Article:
By Fred Akanni
Imomoh delivers a tearjerker of an address at the AGM
Afren recorded a loss after tax of $1,651 billion in the year ended 31 December 2014, “mainly due to a reduction in revenue given the fall in oil prices, a material impairment charge of $1,112 million in respect of the carrying value of the Company’s production and development assets and the impact of the curtailment of future capital expenditure on our exploration”, company Chairman Egbert Imomoh said yesterday.
Mr. Imomoh made the statement at the company’s first annual general meeting since the yearlong crisis, minutes before he announced he and all other members of the board would be stepping down.
He painted a picture of a difficult paddle against overwhelming currents, a battle that is far from being decisively won.“Just over a year ago when I spoke at the last AGM, little was I aware that of what the year held in stock for us”, Imomoh, a former deputy managing director of Shell Nigeria, who was present at Afren’s creation 11 years ago, explained.
“The events that have radically changed our Company commenced when the Board discovered that our former CEO, Osman Shahenshah, and our former COO ShahidUllah had received payments undisclosed and unknown to the Board. They were immediately suspended and following a very thorough investigation of the situation their contracts with the Company were terminated.
This necessitated Toby Hayward stepping in as the interim CEO and me as executive chairman whilst we commenced the search for a new CEO”.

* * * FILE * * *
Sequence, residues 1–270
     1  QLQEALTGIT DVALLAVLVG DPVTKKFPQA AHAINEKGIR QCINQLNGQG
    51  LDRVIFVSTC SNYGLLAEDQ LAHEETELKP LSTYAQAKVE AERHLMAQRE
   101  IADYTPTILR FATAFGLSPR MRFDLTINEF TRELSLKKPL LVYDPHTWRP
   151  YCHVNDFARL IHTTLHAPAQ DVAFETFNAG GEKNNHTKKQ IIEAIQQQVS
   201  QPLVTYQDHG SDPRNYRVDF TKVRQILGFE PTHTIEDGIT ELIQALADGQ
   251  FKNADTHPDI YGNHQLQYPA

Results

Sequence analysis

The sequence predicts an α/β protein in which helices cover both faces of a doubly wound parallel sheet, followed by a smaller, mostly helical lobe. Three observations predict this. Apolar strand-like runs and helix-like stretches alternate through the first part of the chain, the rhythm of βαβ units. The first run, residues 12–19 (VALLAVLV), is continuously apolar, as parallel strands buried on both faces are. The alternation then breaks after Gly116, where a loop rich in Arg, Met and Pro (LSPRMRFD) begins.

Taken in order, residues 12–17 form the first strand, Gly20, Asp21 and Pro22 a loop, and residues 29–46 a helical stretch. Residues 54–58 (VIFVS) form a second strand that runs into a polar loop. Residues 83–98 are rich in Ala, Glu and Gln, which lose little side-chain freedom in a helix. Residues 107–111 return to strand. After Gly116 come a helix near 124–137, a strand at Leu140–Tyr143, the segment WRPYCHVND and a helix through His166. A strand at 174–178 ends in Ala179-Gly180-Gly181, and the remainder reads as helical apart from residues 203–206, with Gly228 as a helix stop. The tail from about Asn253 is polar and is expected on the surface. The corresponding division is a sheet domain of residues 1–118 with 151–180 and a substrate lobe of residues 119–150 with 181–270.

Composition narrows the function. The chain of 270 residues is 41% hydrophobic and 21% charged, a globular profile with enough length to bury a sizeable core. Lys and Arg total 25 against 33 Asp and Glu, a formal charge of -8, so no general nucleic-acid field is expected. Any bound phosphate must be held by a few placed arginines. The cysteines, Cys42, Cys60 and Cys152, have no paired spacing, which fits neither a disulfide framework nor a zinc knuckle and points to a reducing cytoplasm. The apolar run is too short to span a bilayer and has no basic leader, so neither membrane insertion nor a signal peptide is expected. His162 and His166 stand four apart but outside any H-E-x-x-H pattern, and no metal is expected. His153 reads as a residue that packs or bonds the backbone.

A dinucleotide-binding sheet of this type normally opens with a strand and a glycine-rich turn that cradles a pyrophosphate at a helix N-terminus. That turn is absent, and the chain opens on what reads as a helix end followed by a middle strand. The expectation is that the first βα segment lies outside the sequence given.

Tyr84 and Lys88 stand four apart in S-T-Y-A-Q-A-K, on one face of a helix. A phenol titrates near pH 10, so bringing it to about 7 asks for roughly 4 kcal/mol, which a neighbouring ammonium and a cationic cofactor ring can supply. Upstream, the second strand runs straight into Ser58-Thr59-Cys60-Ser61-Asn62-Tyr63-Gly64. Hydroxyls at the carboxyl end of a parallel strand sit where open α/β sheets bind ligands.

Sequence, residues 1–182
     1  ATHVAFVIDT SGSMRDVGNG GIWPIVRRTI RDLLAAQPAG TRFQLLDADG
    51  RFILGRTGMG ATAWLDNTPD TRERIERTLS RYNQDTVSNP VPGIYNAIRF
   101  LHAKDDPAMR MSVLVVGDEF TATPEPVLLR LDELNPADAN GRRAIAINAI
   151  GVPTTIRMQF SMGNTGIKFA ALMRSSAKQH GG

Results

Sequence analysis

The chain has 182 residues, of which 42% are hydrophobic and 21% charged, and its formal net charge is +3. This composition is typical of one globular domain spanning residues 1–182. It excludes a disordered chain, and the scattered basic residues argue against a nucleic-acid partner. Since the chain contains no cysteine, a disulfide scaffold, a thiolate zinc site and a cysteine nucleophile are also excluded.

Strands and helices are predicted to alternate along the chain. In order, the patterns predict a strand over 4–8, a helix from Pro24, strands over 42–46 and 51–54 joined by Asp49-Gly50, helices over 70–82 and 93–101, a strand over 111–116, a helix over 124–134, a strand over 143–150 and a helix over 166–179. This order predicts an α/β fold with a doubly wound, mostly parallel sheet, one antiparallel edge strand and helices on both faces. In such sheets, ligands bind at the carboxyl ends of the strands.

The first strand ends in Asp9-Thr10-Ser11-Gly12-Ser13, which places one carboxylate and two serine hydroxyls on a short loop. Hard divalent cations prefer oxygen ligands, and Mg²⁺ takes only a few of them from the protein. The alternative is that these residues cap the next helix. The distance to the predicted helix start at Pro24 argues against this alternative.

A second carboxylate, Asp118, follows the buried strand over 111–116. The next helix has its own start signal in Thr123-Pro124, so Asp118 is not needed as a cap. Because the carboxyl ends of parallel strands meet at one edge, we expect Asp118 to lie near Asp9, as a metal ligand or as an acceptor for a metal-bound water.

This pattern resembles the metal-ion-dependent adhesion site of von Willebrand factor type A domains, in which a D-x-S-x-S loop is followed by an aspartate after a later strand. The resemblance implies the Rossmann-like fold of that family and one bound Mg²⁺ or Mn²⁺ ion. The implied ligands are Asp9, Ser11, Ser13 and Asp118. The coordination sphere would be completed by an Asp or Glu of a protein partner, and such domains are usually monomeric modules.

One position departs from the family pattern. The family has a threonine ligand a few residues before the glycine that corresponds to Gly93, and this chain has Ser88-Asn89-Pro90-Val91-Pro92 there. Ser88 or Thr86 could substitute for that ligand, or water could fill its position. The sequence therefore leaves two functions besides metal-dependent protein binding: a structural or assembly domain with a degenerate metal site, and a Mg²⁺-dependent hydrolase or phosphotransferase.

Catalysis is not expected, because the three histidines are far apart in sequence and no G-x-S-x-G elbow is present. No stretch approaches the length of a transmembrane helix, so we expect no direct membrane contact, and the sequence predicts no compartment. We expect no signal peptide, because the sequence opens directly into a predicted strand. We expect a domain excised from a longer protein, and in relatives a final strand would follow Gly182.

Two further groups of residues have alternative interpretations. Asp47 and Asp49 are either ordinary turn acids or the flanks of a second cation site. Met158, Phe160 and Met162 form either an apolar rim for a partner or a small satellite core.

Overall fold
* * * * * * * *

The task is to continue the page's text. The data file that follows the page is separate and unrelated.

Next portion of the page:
Mr. Hayward did not put himself up for re-election at the AGM, neither did Imomoh, Patrick Obath, Sheree Bryant and Iain McLaren. David Frauman, a lawyer who has been consultant to Afren through its recent restructuring, will become non-executive chairman with immediate effect, and he will be joined on the board by recently appointed chief operating officer David Thomas.
“In response to the very adverse situation that developed, the interim management took decisive action in reviewing our capital structure and operating/capital expenditure”, Mr. Imomoh told the shareholders. “We took the strategic decision to concentrate on the lower cost production capacity in our Nigerian portfolio. We are focused on delivering on this strategy, and have therefore lowered our full 2015 capital expenditure to US$0.4 billion. We are confident that, in conjunction with our proven operational capabilities, the strategy will create value for all our stakeholders in the near future”.
The 11 month long crisis has threatened the viability of Afren as a going concern. Options for the company’s survival have ranged from outright take over by Nigerian independent Seplat to spin off of the company’s Nigerian subsidiary First Hydrocarbon. In the end, Afren opted for significant financial restructuring which will, in effect, leave the company in the hands of the bond holders.
Mr. Imomoh insisted that the tide was about to turn. “In the first quarter of this year Afren achieved an average net production of 36,035 BOPD, which is above our guidance range of 23,000 – 32,000 BOPD for 2015. The Company delivered revenue of $130 million and operating cash flows before movements in working capital of $59 million, down from $269 million and $169 million respectively in Q1 2014.
The fall in revenue was due to a lower realised oil prices and production liftings from Ebok utilised to settle a net profit interest (NPI) liability which is part of the agreement”.
He was delighted, he said, “to welcome Alan Linn as the new Chief Executive Officer. His proven turnaround experience and excellent grasp of operational matters will be invaluable. He has a firm vision of where he wishes to take the Company.
We have also recently appointed Dave Thomas as our COO and proposed new executive director, who has significant executive and operational experience in the international oil and gas industry. I would also like to thank Toby Hayward for his steady leadership in adverse circumstances”.